The Veneto and Friuli–Venezia Giulia Feature
Eating and Drinking Well in the Veneto and Friuli–Venezia Giulia
With the decisive seasonal changes of the Venetian Arc, it's little wonder that many restaurants shun printed menus. Elements from field and forest define much of the local cuisine, including white asparagus, herbs, chestnuts, radicchio, and wild mushrooms.
Restaurants here tend to cling to tradition, not only in the food they serve but in how they serve it. This means that from 3 in the afternoon until about 7:30 in the evening most places other than bars are closed tight, and on Sunday afternoon restaurants are packed with Italian families and friends indulging in a weekly ritual of lunching out. Meals are still sacred for most Italians in this region, so don't be surprised if you get disapproving looks when you gobble down a sandwich or a slice of pizza while seated on the church steps or a park bench. In many places it’s actually illegal to do so. Likewise, your waiter will likely be very upset if you order just one course at a meal. If you want to dine lightly yet fit in with the locals, eat while standing at a bar.
The Best in Beans
Pasta e fagioli, a thick bean soup with pasta, served slightly warm or at room temperature, is made all over Italy. Folks in Veneto, though, take a special pride in their version. It features particularly fine beans that are grown around the village of Lamon, near Belluno.
Even when they’re bought in the Veneto, the beans from Lamon cost more than double the next most expensive variety, but their rich and delicate taste is considered to be well worth the added expense. You never knew that bean soup could taste so good.
Pasta, Risotto, Polenta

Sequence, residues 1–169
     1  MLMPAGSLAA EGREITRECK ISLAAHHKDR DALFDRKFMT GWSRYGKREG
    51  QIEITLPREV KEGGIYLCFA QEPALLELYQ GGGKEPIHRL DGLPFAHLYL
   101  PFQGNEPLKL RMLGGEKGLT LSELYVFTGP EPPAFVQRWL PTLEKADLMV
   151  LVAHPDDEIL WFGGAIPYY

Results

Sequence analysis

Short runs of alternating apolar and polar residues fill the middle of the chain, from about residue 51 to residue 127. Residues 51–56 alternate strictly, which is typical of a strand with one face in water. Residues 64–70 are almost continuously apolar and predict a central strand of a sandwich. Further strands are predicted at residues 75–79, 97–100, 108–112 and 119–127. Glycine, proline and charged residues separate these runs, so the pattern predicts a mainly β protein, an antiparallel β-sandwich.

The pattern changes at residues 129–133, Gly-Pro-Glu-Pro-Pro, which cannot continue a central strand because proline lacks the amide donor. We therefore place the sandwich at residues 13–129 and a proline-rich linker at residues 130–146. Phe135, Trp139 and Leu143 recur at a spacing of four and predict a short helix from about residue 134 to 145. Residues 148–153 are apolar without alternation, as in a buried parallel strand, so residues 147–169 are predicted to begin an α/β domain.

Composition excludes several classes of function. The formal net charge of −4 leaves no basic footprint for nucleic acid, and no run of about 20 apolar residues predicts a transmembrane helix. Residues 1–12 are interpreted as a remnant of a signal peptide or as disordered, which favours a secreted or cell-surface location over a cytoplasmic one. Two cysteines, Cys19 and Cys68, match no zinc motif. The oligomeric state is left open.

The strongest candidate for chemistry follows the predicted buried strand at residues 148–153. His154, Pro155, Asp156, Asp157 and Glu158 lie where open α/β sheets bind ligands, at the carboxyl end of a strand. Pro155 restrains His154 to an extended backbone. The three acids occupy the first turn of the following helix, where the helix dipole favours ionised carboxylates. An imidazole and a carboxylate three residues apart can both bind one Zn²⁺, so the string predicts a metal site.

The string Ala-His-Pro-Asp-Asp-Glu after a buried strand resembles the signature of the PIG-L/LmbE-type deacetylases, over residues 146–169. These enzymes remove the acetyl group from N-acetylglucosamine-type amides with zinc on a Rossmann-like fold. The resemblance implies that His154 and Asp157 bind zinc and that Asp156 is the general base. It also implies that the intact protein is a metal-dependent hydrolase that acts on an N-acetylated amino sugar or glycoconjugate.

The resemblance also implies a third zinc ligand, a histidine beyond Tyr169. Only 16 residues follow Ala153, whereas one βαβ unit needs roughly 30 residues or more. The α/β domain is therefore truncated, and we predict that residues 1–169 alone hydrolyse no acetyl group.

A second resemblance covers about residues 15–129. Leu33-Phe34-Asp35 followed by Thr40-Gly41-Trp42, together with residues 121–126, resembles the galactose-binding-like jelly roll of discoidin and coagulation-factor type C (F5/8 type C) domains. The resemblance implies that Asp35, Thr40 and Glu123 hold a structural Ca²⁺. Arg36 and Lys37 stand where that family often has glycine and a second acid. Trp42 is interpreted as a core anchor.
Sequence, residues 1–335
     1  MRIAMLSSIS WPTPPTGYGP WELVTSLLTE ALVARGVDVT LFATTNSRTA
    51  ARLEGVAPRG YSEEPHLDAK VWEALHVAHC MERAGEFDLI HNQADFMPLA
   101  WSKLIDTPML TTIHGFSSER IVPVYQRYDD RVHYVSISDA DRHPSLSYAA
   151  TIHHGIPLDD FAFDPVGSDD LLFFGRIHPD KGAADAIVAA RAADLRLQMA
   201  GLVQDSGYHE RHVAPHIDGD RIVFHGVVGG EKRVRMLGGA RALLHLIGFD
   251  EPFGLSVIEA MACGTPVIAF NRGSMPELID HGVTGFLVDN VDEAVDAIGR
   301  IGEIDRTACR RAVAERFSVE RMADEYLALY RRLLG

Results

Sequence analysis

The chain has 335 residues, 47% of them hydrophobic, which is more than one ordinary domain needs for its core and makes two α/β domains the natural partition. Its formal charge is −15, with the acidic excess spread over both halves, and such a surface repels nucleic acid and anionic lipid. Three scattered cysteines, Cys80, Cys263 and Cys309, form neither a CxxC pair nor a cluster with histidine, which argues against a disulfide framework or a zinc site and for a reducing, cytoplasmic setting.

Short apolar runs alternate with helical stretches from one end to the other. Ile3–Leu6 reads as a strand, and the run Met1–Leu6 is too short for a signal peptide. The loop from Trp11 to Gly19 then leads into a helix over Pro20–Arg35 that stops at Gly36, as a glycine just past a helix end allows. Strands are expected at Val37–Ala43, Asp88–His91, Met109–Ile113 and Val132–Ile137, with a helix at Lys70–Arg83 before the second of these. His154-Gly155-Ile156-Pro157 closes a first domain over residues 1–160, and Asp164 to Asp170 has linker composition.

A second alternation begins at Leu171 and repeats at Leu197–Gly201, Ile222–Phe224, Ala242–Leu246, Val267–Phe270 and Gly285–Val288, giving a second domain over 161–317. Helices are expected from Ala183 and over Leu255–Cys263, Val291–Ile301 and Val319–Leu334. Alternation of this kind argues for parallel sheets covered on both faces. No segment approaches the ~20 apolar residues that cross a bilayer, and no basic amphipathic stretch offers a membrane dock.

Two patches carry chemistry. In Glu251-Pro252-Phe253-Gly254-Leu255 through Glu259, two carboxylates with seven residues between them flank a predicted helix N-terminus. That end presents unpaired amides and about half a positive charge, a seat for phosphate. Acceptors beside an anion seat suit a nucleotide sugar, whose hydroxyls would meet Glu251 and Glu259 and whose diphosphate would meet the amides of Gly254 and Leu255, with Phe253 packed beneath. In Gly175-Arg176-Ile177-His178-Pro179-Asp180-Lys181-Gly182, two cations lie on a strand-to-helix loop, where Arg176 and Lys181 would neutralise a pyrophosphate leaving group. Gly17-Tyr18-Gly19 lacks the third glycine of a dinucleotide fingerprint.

For primi (first courses), the Veneto dines on bigoli (thick whole-wheat pasta) generally served with an anchovy-onion sauce delicately flavored with cinnamon, and risotto flavored either with local fish, sausage, or vegetables. Polenta (corn meal gruel) is everywhere, whether it's a stiff porridge topped with Gorgonzola or stew, or a patty grilled alongside meat or fish.
The catch of the day is always a good bet, whether sweet and succulent Adriatic shellfish, sea bream, bass, or John Dory, or freshwater fish from Lake Garda near Verona. A staple in the Veneto is baccalà, dried salt cod, soaked in water or milk, and then prepared in a different way in each city. In Vicenza, baccalàalla vicentina, is cooked with onions, milk, and cheese, and is generally served with polenta.
Because grazing land is scarce in the Veneto, beef is a rarity, but pork and veal are standards, while goose, duck, and guinea fowl are common poultry options. Lamb is available mostly in spring, when it's young and delicate. In Friuli–Venezia Giulia, menus show the influences of Austria-Hungary: you may find deer and hare on the menu, as well as Eastern European–style goulash. Throughout the Veneto an unusual treat is nervetti—cubes of gelatin from a cow's knee prepared with onions, parsley, olive oil, and lemon.
Radicchio di Treviso
In fall and winter be sure to try the radicchio di Treviso, a red endive grown near that town but popular all over the region. Cultivation is very labor intensive, so it can be a bit expensive. It's best in a stew with chicken or veal, in a risotto, or just grilled or baked with a drizzle of olive oil and perhaps a little taleggio cheese from neighboring Lombardy.
Wine is excellent here: the Veneto produces more D.O.C. (Denominazione di Origine Controllata) wines than any other region in Italy. Amarone, the region's crowning achievement, is a robust and powerful red with an alcohol content as high as 16%. Valpolicella and Bardolino are other notable appellations.
The best of the whites are Soave, sparkling Prosecco, and pinot bianco (pinot blanc). In Friuli–Venezia Giulia the local wines par excellence are tocai friulano, a dry, lively white made from the sauvignon vert grape, which has attained international stature, and piccolit, perhaps Italy's most highly prized dessert wine.
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